But it didn't shut him up enough. You see, after we got back home, he headed off to the hospital to relieve my wife in the care of her mother. The first thing he did when he arrived was inform my MIL that we had gone to Aeon Shopping Mall...to buy formal, black slacks for my son.

He may as well have said, "Okay, we're ready for your funeral. You can die now."

After my wife came home, when she finally stopped screaming at me, she said her mother's morale level took a quick, chronic plunge after hearing that. She's apparently still stressed out about all the kind help we received from the relatives yesterday, too. As far as MIL's condition is concerned, she has dropped several levels in one fell swoop.

You know the old adage, "The road to ruin is paved with good intentions"? Well...

In other news, the lilies and gladiolas are starting to bloom in the garden. Maybe I'll post a pic if I find the time to take one...and don't collapse from stress and/or heat exhaustion in the meantime.

15 Comments:

  • FIL was not using his best judgment, but I think the lesson here is to wait until the passing to buy the funeral clothes because information security is impossible to assess in a family.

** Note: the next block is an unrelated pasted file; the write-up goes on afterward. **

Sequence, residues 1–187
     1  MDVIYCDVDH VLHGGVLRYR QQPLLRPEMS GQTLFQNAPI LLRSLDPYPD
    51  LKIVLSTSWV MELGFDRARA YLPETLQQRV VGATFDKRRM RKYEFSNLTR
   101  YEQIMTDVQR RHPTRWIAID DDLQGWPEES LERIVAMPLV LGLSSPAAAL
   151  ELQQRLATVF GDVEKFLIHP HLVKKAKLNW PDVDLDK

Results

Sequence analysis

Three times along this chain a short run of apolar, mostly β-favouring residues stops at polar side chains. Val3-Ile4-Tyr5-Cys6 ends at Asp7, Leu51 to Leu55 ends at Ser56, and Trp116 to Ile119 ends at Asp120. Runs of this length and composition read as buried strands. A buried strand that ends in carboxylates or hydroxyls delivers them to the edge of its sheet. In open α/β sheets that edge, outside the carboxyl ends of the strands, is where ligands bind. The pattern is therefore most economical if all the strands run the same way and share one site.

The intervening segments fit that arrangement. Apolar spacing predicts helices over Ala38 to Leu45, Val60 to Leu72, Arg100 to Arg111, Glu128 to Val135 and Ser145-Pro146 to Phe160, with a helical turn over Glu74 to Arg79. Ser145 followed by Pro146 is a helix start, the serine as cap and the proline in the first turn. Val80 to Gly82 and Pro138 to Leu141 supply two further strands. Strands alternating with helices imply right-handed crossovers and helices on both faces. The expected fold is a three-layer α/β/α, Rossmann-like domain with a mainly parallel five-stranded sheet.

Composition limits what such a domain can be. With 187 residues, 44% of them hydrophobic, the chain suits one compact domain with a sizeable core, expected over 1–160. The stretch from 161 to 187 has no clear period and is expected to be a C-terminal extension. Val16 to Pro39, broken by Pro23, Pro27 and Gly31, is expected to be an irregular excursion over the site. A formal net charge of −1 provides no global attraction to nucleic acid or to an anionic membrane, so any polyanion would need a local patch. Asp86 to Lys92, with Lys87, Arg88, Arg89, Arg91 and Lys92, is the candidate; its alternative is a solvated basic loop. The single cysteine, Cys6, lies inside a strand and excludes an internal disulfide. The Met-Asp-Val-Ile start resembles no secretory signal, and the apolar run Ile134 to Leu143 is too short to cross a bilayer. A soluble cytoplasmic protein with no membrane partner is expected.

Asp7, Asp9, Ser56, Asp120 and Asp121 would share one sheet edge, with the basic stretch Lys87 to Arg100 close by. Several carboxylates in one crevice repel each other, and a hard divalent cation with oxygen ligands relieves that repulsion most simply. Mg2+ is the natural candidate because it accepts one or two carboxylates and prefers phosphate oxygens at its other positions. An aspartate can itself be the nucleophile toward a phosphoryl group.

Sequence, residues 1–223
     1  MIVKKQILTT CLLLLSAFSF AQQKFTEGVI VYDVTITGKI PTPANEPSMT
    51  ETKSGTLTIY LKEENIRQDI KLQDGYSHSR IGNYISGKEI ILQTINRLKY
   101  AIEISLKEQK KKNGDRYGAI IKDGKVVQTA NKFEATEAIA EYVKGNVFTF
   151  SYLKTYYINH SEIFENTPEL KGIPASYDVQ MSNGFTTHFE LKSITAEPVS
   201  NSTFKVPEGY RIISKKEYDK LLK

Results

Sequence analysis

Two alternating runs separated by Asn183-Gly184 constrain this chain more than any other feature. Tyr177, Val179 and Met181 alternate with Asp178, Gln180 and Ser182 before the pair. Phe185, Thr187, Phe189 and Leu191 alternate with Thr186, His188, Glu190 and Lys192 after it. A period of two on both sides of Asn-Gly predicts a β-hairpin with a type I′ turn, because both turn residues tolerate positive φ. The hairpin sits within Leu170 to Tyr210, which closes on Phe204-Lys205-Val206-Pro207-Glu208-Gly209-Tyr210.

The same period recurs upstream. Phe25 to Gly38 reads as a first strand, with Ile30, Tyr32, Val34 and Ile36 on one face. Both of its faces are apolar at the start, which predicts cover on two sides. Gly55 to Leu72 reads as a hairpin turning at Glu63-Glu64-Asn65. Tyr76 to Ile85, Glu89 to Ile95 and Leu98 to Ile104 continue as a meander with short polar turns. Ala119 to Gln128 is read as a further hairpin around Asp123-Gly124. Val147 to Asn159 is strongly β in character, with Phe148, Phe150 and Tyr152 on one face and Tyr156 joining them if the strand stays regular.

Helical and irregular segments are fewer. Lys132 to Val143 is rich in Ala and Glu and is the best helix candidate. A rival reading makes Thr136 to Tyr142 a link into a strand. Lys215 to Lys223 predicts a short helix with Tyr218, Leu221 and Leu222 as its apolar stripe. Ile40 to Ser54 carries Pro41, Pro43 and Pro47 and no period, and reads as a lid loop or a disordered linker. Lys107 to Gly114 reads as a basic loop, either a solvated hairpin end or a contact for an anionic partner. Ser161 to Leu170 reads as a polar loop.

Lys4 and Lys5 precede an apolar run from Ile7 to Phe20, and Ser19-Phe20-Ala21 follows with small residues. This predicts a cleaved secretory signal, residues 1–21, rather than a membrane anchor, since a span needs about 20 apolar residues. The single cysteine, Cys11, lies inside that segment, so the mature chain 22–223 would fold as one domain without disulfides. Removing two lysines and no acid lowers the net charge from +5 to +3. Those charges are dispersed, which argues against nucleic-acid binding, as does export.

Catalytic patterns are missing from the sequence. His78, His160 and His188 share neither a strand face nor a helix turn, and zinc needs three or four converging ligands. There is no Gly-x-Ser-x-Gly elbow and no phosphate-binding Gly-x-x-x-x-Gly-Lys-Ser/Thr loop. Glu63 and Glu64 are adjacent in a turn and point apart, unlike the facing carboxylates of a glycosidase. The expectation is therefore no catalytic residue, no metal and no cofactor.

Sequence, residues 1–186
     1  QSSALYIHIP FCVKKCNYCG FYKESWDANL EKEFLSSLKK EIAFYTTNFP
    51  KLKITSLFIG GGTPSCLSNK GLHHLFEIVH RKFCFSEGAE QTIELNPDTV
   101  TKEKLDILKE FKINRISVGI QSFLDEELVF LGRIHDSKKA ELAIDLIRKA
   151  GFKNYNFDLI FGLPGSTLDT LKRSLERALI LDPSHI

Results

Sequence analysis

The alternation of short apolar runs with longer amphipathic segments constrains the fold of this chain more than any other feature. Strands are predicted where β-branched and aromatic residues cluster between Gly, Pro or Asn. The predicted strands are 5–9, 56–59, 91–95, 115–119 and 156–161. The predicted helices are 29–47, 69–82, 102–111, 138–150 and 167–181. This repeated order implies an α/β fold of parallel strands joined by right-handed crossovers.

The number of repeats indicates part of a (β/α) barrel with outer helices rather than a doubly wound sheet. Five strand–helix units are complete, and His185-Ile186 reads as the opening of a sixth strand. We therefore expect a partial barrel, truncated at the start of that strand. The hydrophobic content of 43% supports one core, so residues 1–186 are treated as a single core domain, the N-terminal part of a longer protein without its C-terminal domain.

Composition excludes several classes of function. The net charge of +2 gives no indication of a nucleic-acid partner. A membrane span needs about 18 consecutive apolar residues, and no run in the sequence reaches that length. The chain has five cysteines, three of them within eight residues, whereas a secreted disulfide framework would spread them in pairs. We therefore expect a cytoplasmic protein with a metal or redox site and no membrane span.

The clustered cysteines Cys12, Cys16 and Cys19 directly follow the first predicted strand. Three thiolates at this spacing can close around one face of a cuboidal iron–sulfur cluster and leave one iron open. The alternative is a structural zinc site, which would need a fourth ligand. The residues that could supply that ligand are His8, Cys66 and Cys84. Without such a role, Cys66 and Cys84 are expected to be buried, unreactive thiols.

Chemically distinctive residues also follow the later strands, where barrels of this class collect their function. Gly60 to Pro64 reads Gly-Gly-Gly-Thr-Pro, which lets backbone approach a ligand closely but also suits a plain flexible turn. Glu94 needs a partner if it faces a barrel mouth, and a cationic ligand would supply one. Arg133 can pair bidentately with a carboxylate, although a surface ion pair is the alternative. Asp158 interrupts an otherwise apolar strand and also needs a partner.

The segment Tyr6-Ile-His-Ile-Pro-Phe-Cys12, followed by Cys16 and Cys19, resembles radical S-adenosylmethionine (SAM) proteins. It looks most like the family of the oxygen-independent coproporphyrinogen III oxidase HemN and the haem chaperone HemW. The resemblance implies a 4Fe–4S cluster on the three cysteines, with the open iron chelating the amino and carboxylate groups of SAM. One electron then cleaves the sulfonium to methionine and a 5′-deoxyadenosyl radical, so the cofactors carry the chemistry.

Now you've got a mess to deal with. MIL is the important one here. You will have to judge what the best course is for her sake.

    (Fair warning: if I am dying and someone buys funeral clothes prematurely, I will have my henchmen deal with you).

    By Blogger Don Snabulus, at 1:49 AM  

  • FIL's judgment has often tended to be very suspect, especially with regard to others' feelings.

    I think the lesson here is to wait until the passing to buy the funeral clothes because information security is impossible to assess in a family.

    Here in Japan the battery (and I DO mean "battery") of funeral-related events starts almost immediately after death, so there's virtually no time to prepare. That's why we opted to get it done now. The reaction of the stores underscored this; they all assumed we needed the clothing sized and finished within the day if not the hour as a matter of urgency. My comment of "I'll pick it up tomorrow" raised some eyebrows.

    By Blogger The Moody Minstrel, at 2:10 AM  

  • That makes more sense now. I will have my henchmen stand down.

    By Blogger Don Snabulus, at 5:08 AM  

  • It wasn't a mistake to be prepared. It was probably FIL's mistake to mention it to his wife. So don't blame yourself.

    Paving a road with good intentions implies that the road was a little bumpy to begin with.

    By Anonymous Dave, at 7:46 AM  

  • Take deep breath, ok....

    By Blogger Selba, at 10:05 AM  

  • Don
    Thanks.

    Dave
    Yes, it was the sort of mistake I would never think even he would make, but you know...

    I guess the question is which was worse, the original bumps, or where the road wound up.